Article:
Thursday, January 27, 2011

Elizabeth Jane Brandon

  • Elizabeth Jane Brandon
  • Born: March 10, 1837 Nashville, Tennessee
  • Died: June 9, 1897 Brigham City, Utah
  • Related through: Erin's grandmother Margaret Udy Hanni

Elizabeth Jane Brandon Pett was born near Nashville, Tennessee, March 10, 1837. She was the daughter of George Washington Brandon and Keziah Fowler. Her parents were among the first families in that vicinity to embrace the gospel and soon moved to Nauvoo and then to Utah. They endured many hardships on the way to Utah and had to walk many miles each day. Her father died in Winter Quarters and her mother brought her large family to Utah as a widow. In company with other saints they arrived in Salt Lake in the fall of 1852. She traveled in the James McGaw company. They first settled in Provo and then Grantsville and eventually Centerville.

She once told of an incident which happened while living in Grantsville, Utah. A neighbor’s young son ran away with a band of Shoshone Indians for a pinto pony. Two years later she met the boy camped at Black Rock on the Great Salt Lake. He was clad in Indian clothes and still had his pony. Elizabeth Jane recognized him and reprimanded him for the worry he caused his mother and they had a good reunion.

Elizabeth Jane was married in 1860 in the Endowment House to James Pett, a young architect. She was 23. According to one of her daughters Jane was a real Southern beauty with beautiful dark hair, blue eyes and fair skin.

Brother and Sister Pett raised a large family, fourteen in all. She was married twice before, and James also had two children from a former marriage. (Elizabeth was married very young as a polygamist wife to two different men. I am not sure what happened to those marriages. James was a young widower.)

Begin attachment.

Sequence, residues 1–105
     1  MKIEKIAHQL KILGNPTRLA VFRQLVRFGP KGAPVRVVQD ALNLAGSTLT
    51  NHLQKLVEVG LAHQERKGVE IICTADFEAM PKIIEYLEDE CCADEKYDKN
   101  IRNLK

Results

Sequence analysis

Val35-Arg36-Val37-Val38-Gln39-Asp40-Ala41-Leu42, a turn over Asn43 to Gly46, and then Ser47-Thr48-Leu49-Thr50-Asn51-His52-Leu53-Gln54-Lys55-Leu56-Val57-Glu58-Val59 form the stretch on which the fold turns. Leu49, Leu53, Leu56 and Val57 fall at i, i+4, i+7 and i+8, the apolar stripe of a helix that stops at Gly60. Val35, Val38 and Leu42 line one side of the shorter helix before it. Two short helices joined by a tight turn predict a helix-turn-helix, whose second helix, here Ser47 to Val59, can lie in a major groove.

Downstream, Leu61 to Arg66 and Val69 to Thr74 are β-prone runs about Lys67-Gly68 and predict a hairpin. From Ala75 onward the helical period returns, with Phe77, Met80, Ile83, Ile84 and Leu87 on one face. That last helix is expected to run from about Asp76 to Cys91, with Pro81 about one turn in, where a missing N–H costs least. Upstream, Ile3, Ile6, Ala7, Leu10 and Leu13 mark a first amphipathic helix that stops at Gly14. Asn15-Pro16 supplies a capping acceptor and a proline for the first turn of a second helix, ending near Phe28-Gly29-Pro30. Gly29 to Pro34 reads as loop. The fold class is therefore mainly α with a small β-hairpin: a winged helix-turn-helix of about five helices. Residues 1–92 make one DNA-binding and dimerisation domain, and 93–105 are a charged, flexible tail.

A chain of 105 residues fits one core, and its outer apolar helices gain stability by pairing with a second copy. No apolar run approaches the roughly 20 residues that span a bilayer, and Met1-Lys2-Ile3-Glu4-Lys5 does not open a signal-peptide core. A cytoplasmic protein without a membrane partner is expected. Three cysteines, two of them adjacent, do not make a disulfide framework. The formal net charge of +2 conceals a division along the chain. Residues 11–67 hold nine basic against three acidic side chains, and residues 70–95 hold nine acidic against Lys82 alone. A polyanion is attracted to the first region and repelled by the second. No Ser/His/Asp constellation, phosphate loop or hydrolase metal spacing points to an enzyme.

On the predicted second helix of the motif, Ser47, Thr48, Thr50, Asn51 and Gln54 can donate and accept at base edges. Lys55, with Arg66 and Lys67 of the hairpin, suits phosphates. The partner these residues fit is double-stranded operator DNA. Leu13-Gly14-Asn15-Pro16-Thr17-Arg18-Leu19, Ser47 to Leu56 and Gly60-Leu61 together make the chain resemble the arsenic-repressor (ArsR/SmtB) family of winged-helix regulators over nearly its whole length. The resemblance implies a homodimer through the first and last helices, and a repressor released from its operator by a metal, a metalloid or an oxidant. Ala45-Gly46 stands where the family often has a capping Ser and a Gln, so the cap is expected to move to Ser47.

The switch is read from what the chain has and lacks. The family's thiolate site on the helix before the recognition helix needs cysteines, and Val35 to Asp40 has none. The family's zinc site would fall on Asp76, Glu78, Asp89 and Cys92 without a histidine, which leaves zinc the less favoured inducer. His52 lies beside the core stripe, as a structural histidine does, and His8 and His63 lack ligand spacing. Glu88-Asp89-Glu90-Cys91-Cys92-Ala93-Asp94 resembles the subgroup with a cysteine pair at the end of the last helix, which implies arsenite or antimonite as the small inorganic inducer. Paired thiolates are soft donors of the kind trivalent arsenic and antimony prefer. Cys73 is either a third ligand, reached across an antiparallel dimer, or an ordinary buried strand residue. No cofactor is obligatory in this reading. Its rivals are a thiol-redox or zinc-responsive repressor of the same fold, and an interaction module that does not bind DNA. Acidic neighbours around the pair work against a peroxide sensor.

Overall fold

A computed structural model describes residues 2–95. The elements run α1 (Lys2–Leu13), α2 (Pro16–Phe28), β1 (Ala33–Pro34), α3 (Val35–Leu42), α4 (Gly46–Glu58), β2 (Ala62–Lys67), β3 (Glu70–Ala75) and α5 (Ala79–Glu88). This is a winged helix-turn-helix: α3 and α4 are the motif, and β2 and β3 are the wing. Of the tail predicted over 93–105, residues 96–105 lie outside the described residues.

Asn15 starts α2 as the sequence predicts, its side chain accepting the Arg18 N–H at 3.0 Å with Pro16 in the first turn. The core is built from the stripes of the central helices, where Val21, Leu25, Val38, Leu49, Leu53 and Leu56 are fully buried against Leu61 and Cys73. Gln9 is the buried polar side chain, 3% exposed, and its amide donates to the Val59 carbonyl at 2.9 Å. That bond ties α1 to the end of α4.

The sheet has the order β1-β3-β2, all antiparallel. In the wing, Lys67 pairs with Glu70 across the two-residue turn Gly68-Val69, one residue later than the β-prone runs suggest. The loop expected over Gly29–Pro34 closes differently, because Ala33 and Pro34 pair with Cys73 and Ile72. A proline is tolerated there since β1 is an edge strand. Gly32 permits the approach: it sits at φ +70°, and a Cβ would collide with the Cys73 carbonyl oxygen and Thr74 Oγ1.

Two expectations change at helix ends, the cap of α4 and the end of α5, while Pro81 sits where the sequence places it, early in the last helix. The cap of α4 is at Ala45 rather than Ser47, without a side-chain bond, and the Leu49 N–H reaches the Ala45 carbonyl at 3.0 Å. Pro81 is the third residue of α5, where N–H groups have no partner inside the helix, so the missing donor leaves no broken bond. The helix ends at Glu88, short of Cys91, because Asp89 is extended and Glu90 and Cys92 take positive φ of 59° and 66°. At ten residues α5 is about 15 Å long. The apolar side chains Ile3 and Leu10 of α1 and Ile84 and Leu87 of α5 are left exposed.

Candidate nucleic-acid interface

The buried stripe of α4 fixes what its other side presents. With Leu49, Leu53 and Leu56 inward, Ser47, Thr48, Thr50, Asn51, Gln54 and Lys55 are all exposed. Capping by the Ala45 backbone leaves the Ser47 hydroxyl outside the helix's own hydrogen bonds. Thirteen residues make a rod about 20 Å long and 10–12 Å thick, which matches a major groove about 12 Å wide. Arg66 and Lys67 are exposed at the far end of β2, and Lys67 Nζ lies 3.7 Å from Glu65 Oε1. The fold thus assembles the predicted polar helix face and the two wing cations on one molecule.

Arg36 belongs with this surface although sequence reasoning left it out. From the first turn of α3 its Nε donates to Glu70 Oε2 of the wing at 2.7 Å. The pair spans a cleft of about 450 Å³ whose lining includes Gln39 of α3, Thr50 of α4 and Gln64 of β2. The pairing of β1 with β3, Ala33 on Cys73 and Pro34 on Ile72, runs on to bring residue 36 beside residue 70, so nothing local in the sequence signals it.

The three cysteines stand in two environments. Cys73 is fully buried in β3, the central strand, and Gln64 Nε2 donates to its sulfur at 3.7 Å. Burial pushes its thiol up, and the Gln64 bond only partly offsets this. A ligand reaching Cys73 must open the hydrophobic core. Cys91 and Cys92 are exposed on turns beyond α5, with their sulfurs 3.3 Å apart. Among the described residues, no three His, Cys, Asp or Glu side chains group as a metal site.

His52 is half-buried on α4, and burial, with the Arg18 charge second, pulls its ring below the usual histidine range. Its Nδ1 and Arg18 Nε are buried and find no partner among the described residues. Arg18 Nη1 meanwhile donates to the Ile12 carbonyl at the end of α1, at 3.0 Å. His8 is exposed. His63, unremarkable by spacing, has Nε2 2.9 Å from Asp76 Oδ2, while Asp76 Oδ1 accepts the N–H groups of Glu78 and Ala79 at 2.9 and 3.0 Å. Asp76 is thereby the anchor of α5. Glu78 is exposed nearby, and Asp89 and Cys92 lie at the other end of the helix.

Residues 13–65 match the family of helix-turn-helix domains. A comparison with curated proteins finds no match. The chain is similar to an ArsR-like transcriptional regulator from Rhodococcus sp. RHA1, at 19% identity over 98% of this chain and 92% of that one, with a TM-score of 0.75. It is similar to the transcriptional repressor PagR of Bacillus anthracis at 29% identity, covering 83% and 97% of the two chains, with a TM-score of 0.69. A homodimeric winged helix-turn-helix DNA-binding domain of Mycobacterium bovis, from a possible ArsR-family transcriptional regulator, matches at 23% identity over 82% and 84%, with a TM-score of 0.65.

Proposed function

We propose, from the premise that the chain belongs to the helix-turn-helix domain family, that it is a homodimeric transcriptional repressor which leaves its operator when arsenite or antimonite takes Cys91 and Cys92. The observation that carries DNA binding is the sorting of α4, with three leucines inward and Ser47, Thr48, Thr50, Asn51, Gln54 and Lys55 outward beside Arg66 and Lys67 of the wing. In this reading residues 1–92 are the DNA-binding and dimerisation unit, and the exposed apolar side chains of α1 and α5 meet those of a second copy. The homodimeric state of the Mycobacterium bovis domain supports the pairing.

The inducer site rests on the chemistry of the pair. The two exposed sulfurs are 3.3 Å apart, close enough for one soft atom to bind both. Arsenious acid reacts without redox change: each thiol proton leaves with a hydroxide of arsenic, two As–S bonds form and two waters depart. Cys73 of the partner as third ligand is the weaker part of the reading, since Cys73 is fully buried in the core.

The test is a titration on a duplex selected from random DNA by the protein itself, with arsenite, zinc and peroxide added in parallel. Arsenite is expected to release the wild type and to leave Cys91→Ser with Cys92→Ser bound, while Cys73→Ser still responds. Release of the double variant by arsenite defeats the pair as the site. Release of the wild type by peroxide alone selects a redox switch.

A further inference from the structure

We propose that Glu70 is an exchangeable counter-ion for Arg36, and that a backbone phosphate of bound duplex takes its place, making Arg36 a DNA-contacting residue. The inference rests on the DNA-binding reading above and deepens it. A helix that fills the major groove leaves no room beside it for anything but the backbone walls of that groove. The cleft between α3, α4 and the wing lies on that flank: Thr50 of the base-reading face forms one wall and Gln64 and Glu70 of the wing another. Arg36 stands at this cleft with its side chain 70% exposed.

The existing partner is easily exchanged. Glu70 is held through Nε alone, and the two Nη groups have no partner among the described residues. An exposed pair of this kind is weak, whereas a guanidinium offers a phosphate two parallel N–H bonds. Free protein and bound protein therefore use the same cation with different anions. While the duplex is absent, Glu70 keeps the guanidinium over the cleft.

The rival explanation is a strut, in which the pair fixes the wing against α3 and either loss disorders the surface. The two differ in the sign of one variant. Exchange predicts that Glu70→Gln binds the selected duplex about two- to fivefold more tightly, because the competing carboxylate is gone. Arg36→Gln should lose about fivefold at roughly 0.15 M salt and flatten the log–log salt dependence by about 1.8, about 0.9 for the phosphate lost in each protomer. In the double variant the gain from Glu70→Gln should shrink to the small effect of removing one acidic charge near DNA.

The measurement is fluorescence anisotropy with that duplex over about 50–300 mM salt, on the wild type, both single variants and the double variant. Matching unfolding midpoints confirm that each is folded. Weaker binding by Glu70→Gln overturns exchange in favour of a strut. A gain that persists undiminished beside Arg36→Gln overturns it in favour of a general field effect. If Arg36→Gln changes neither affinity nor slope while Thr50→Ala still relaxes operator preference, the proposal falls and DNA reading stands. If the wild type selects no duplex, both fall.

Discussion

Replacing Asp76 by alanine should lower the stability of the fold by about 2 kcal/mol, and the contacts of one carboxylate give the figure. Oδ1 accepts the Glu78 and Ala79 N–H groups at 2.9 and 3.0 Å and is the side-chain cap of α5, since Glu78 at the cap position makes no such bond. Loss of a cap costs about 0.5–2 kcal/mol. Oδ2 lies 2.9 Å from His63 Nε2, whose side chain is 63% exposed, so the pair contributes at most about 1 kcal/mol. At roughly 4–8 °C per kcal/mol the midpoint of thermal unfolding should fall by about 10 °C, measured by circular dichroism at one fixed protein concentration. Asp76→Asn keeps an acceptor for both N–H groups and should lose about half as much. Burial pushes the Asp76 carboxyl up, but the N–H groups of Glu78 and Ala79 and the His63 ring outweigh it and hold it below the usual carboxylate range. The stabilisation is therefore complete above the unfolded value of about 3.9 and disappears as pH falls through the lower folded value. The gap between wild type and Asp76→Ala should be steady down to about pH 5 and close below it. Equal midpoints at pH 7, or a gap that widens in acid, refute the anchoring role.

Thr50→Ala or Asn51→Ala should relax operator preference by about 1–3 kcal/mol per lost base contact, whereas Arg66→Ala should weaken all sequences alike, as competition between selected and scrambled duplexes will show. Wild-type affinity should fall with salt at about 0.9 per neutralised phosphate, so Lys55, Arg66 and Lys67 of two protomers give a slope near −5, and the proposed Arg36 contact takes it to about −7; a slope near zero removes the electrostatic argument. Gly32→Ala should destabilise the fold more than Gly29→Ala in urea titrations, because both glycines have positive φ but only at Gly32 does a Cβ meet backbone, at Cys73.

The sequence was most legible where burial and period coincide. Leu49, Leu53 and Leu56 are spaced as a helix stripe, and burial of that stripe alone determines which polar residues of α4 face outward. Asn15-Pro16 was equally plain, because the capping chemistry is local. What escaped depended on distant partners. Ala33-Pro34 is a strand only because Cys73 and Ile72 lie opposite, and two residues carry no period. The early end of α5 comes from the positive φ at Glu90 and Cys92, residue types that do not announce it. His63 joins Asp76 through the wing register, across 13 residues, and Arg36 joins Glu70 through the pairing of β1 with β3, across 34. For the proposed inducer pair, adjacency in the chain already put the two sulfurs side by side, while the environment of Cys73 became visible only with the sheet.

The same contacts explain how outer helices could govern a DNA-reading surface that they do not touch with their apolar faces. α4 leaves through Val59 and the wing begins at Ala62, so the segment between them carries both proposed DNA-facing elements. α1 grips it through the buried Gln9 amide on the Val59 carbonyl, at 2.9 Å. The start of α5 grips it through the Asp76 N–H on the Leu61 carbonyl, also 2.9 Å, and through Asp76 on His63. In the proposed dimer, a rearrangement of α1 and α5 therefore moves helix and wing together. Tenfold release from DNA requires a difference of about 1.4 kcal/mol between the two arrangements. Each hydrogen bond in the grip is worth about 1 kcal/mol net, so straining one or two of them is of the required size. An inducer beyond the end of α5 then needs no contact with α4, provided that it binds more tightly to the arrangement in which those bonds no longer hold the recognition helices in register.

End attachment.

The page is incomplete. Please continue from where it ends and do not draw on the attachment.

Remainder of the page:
Sister Pett was a good wife and mother, and wonderful help to her husband in those pioneer days. She not only made the children’s clothes, but spun yarn to knit socks and hose for the whole family. She made soap and candles for their needs. Besides many household tasks she went to the river during the summer on their farm.

Brother Pett had a farm at Three Mile Creek (now Perry, Utah) and made a home there until President Lorenzo Snow had them move to Brigham City in 1862. He felt Brother Pett could be more useful in Brigham City as the courthouse roof had blown off. He helped in the erection of many buildings.

Sister Pett was a member of the First Ward Relief Society and a block teacher for several years until her health failed. She remained a faithful Latter-day Saint until the end of her life. She died June 9, 1897 and was buried in the Brigham City Cemetery.

This article is from the Daughters of the Utah Pioneers archive.

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